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George Santos Expelled from Congress

(Photo courtesy of The New Yorker). “George Santos outside a Manhattan courthouse.”

Eric Schultz
Connector Staff

When the United States House of Representatives has 435 members, it can be hard for individual members to stand out from the crowd and be notable. Some Representatives, such as Alexandria Ocasio-Cortez, are seen as the voice of their generation. Others may become Speaker of the House (Mike Johnson) or lose that job (Kevin McCarthy). However, none of these three Representatives, nor have any of the other 431 members of the House, come close to the notoriety that George Santos has acquired. Since his election last November, Santos has consistently made headlines for all of the lies he had said on the campaign trail, his suspicious campaign expenditures and other fraudulent dealings. 

Santos’ whirlwind year in Congress was put to an end this past Friday, Dec. 1, when the House of Representatives voted 311-114-2 to expel him from Congress. He has become the sixth-ever Representative to be expelled and differs from the previous five in a few ways. The first five were all Democrats, either expelled because of their involvement with the Confederacy or receiving criminal convictions, whereas Santos is the first Republican and is not currently convicted of any crimes. Many political scholars, such as UMass Lowell Associate Professor of Political Science John Cluverius, assume that it’s going to remain a tight club. Cluverius said, “I think it’s gonna be a historical oddity. The criminal complaint is very serious and has to do with the conduct of his job as a candidate. This is not merely someone abusing power, but is someone in fact using their campaign funds for personal enrichment.” 

Two attempts to expel Santos from the House of Representatives had previously failed, but the release of the House Ethics Committee’s report changed that. The House Ethics Committee had been investigating his conduct since January and released a report of their findings on Nov. 16 that turned the tide against Santos. As Professor Cluverius alluded to in the above quote, this report included falsifying financial documents, using donors’ credit cards without their consent and spending campaign funds on luxury purchases such as OnlyFans, Botox injections and Atlantic City trips.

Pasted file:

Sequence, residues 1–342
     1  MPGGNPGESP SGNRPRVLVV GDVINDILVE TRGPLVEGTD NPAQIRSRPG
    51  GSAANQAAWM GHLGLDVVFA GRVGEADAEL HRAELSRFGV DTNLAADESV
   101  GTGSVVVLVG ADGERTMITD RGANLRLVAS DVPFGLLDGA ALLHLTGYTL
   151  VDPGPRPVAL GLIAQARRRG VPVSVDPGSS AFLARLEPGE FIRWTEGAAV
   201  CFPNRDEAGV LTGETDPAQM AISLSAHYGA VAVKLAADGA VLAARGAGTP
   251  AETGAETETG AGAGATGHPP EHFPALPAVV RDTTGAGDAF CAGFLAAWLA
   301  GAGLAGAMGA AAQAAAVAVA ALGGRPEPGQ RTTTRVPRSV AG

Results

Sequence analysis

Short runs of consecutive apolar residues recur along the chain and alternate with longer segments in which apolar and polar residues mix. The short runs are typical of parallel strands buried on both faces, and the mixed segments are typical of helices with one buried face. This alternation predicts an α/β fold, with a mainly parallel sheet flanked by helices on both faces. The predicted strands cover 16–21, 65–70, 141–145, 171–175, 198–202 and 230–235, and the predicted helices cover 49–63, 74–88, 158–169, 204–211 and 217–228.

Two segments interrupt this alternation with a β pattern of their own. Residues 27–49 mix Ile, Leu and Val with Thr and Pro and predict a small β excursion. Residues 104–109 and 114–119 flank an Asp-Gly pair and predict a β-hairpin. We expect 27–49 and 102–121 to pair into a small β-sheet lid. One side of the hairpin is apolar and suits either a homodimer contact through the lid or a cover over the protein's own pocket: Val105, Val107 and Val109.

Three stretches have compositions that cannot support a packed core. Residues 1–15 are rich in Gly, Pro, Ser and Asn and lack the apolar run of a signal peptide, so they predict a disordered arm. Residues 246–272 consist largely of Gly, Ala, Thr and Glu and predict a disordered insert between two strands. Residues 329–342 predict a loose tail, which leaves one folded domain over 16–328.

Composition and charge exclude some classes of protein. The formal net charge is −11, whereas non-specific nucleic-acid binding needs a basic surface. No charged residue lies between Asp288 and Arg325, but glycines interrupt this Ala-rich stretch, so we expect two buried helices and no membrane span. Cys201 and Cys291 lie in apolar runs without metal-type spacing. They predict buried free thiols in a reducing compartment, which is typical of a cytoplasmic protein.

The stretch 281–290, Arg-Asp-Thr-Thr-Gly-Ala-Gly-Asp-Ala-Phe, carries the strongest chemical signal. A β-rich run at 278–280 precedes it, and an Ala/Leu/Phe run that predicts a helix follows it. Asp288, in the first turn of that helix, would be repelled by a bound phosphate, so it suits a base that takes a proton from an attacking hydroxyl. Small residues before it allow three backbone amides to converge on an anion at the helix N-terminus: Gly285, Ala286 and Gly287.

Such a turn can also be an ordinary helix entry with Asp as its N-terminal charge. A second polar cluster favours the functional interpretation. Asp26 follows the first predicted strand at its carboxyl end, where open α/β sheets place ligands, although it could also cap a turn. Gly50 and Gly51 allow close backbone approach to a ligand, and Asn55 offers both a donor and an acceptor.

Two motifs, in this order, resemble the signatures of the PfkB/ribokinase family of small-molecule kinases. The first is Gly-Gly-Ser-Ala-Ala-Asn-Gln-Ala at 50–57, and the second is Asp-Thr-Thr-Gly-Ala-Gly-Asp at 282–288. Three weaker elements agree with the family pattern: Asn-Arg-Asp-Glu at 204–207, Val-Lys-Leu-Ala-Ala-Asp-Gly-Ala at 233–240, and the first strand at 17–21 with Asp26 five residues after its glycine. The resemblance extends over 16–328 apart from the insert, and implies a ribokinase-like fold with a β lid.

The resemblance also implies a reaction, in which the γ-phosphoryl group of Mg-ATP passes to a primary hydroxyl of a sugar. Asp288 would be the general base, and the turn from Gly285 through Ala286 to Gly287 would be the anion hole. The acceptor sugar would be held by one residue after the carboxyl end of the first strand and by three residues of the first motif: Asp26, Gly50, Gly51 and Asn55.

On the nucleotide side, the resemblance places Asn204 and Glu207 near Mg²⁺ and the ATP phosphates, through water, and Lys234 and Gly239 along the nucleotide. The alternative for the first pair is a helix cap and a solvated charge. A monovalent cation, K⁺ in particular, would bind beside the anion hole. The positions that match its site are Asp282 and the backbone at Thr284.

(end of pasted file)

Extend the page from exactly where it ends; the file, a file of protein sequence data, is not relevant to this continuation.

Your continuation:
The lawbreaking was what got him expelled from Congress, yet it was the countless lies about his personal life that put Santos in the spotlight back in January. For as long as Santos has been in politics, he has never been able to keep any part of his story straight. For example, he has claimed that his mother died as a result of the Sept. 11, 2001 terrorist attacks, survived some sort of assassination attempt and that his name is George Santos. All these statements range from extremely questionable at best to outright falsities; his mother was not in the U.S. in 2001, he has virtually no proof to support his assassination attempt claim and he has used a whole host of alternate names in professional dealings. As of right now, there is no definitive proof that “George Santos” is even his real name. 

Hypothetically, all of these lies should prevent any politician from even being able to garner support for a serious campaign. However, what’s even more baffling than George Santos’ lies is how far he got before they became widespread knowledge. Santos ran for his Congressional seat in 2020, lost and then ran again and won in 2022. Professor Cluverius attributes Santos’ win to New York Democrats’ underperformance across the board in 2022, saying that “there are a number of surprise wins by New York Republicans in 2022 and as a result, there wasn’t enough diligence by local media and by voters.” He also called the New York Democratic Party too unorganized to take advantage of Santos’ record on the campaign trail. 

A special Congressional will be held sometime in February 2024 to fill the new vacancy, and it will be extremely competitive given that the district voted for Joe Biden in 2020 and the actions of its now-former Representative. Santos seems to know that his time was up; in the time leading up to his expulsion vote, he threatened to reveal compromising information about his colleagues and even referenced a domestic abuse investigation into Republican Congressman Max Miller on the House floor this past Thursday, Nov. 30. Although no one knows what “George Santos” will do next aside from appear in court for his legal battles, it will undoubtedly be something worth paying attention to. 

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